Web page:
Acts 7:2 “…Brethren and fathers, listen…”
God has filled Stephen with His Spirit and given him an opportunity to share the truth with the religious leaders. The message Stephen will share is not just the Good News, it is tailor-made for this audience. Everything he will share will be things these men should not only know, but should be practicing. His message will go directly to the heart of their problem. After this, they will have no excuse.
2 “…Abraham when he was in Mesopotamia…”
He’s recounting the history of the Jewish people from the beginning, including the promises to Abraham. Interesting to see how the Jews viewed the history we have from the Old Testament.
5 “…God gave him no inheritance in it…”
Abraham never owned much of the actual land, just the field he purchased for a burial site. But God had promised him the whole land as an everlasting possession, so it was his.
16 “…they were carried back to Shechem and laid in the tomb…”
Genesis doesn’t record that any other son of Jacob’s was carried back to Canaan other than Joseph. But it’s not inconceivable that they were. Jewish tradition may have it that they were all taken back, which does make sense since Joseph was.
16 “…Abraham bought for a sum of money from the sons of Hamor, the father of Shechem”
This caused quite a stir. This note as it reads is a direct contradiction of Genesis. Abraham bought the field of Ephron at Machpelah in the presence of the sons of Heth. Jacob purchased the land at Shechem from the sons of Hamor. Read some ideas from the commentaries. No definitive suggestion, but an agreement with the idea that the scripture is true, we just need to find out how. Possibility that Stephen may have said father purchased and some scribe down through the ages inserted Abraham instead of Jacob. Another possibility is that tradition holds that Abraham originally built an altar on that piece of land which Jacob later actually purchased. From a Jewish mindset, Abraham would have been the first to use it as a possession and thus acquired it, later to be paid for by Jacob. That makes sense to me when I consider how this information is being related to us, by the recitation of a Jewish young man, who, by the way, is being led by the Holy Spirit. Regardless of our speculation, I still am convinced of what my Bible teacher used to tell us regarding the scripture of Almighty God. It is just what He wanted, all that He wanted, and only what He wanted. We can trust that He is able to keep it the way He wants. We just have to continue to search and pray to find His truth.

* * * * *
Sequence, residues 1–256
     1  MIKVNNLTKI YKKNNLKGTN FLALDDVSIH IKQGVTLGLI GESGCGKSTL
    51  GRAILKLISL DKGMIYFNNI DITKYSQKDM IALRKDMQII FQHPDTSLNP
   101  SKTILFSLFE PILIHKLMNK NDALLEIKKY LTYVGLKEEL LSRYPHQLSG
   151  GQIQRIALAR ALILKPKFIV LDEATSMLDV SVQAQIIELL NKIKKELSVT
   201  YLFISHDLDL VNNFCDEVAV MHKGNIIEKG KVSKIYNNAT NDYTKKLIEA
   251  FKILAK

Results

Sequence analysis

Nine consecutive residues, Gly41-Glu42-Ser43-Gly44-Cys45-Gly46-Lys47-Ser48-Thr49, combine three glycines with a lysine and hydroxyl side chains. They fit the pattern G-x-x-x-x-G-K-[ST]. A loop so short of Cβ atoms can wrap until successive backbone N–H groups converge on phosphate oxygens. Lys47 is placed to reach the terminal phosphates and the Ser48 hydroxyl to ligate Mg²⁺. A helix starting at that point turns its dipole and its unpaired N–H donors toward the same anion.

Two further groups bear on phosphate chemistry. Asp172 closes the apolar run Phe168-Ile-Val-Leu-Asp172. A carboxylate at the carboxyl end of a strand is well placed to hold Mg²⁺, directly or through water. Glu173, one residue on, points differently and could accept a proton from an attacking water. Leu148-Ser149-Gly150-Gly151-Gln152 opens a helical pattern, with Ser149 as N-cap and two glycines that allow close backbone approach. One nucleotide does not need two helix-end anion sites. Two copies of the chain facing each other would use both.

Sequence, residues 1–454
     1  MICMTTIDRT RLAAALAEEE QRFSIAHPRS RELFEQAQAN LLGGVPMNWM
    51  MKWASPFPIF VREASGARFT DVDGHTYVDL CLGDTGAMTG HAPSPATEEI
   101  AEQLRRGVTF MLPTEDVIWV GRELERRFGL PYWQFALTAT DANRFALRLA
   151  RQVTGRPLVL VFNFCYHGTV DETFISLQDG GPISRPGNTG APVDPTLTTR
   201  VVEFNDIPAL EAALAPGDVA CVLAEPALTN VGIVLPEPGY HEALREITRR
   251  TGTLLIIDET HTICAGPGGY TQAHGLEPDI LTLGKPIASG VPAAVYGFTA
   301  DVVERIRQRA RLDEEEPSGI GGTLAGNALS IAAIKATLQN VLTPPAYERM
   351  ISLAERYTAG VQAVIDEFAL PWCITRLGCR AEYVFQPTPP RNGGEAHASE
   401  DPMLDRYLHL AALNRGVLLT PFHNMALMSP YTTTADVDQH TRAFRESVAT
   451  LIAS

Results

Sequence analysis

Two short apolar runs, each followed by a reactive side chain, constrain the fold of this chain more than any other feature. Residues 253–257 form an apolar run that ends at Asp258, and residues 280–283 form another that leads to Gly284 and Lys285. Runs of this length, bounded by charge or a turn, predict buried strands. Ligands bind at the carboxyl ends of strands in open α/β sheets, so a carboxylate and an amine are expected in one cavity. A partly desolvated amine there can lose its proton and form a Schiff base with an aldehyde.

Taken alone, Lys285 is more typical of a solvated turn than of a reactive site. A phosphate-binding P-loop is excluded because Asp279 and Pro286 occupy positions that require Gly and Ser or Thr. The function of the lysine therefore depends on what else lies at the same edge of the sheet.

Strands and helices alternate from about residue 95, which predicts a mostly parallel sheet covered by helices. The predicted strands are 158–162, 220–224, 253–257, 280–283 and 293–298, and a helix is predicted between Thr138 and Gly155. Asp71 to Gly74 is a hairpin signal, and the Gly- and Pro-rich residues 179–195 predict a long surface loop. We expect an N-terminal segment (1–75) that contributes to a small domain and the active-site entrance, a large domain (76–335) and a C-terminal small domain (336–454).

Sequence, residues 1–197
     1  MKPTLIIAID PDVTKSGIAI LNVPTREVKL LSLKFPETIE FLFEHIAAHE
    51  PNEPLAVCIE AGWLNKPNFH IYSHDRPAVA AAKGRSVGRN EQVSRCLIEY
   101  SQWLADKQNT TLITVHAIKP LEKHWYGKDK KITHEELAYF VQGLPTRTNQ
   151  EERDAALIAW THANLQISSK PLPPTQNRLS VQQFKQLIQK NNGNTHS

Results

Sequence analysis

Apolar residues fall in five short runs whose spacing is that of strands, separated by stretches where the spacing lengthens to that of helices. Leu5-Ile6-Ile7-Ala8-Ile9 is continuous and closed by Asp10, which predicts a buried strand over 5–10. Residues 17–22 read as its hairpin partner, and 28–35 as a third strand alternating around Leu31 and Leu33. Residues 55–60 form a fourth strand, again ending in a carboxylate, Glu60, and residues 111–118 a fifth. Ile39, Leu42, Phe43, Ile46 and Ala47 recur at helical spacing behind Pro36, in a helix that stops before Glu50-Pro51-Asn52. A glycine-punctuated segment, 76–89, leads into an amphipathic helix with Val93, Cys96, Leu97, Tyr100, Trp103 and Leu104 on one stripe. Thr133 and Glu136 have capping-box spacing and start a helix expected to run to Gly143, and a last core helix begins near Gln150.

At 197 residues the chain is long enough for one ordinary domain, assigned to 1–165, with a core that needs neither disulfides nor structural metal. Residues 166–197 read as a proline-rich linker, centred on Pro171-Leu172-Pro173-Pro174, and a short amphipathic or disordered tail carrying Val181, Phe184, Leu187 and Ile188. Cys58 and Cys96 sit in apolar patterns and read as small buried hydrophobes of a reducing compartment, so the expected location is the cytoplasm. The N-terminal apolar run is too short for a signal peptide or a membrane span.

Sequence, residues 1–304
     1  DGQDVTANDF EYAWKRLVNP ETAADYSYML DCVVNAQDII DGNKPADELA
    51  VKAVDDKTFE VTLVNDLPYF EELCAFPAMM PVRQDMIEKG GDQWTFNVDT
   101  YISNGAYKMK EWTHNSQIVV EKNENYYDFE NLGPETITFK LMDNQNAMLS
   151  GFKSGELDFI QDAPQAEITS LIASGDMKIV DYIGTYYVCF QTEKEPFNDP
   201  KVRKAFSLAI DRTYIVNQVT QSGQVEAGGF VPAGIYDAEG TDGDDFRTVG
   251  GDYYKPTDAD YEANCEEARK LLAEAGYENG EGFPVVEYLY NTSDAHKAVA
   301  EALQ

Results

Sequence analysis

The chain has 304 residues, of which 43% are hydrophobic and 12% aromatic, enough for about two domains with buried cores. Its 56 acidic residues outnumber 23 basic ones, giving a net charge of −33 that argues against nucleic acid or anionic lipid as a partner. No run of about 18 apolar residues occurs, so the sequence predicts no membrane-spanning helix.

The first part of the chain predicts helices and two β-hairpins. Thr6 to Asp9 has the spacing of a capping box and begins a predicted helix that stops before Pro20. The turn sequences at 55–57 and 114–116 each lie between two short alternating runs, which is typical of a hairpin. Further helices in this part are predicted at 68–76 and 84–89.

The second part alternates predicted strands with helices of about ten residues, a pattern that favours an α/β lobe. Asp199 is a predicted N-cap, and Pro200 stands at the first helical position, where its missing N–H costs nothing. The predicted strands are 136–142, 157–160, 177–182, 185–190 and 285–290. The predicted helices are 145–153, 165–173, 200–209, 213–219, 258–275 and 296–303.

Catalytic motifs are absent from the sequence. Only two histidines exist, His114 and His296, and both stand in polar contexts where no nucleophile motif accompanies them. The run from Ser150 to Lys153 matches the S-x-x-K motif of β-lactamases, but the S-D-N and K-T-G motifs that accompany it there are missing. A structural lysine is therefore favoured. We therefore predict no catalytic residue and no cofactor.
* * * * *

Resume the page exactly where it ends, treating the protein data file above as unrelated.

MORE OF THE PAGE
33 “Then the LORD said…”
First time Stephen referred to God by His name rather than God. Of course, he is at the point in the story where God reveals His name to Moses.
35 “This Moses whom they rejected…is the one God sent to be a ruler and a deliverer…”
Not unlike Christ. God sent Him to be the ruler and deliverer, but He was rejected by His own.
51-53 “You stiff-necked and uncircumcised in heart and ears! You always resist the Holy Spirit; as your fathers did, so do you. Which of the prophets did your fathers not persecute? And they killed those who foretold the coming of the Just One, of whom you now have become the betrayers and murderers, who have received the law by the direction of angels and have not kept it.”
Wow. He has outlined the whole story of redemption and included the disobedience of the Jewish people in responding to it. He includes the current leaders and lowers the boom on them. He’s made his case very well. They will have no argument against him which will leave them with only one recourse, murder him as they have all the others.
58 “…they cast him out of the city and stoned him…”
So great was their anger, nothing could stop them this time. They didn’t even concern themselves with the Romans.
58 “…a young man named Saul”
Enter Saul who would become the Apostle Paul. Began on the wrong side.
60 “…Lord, do not charge them with this sin…”
So committed to Christ, he was able to forgive his murderers even as they killed him.
60 “…he fell asleep”
I’ve wondered about this. Is this only a reference to the death of a righteous man, or is there more? Was Stephen’s death so peaceful in the midst of such violence that it could only be the result of God taking Him at that moment? Certainly for Stephen, the hope of being with Christ and of future resurrection allowed him to not fear death. Perhaps his peaceful transition during the chaos was also another witness to the power of God for those who watched.
I hope you enjoy reading and studying His word. May it accomplish what He desires. Please feel free to comment or post questions. Thanks for reading!
Scripture taken from the New King James Version®. Copyright © 1982 by Thomas Nelson. Used by permission. All rights reserved.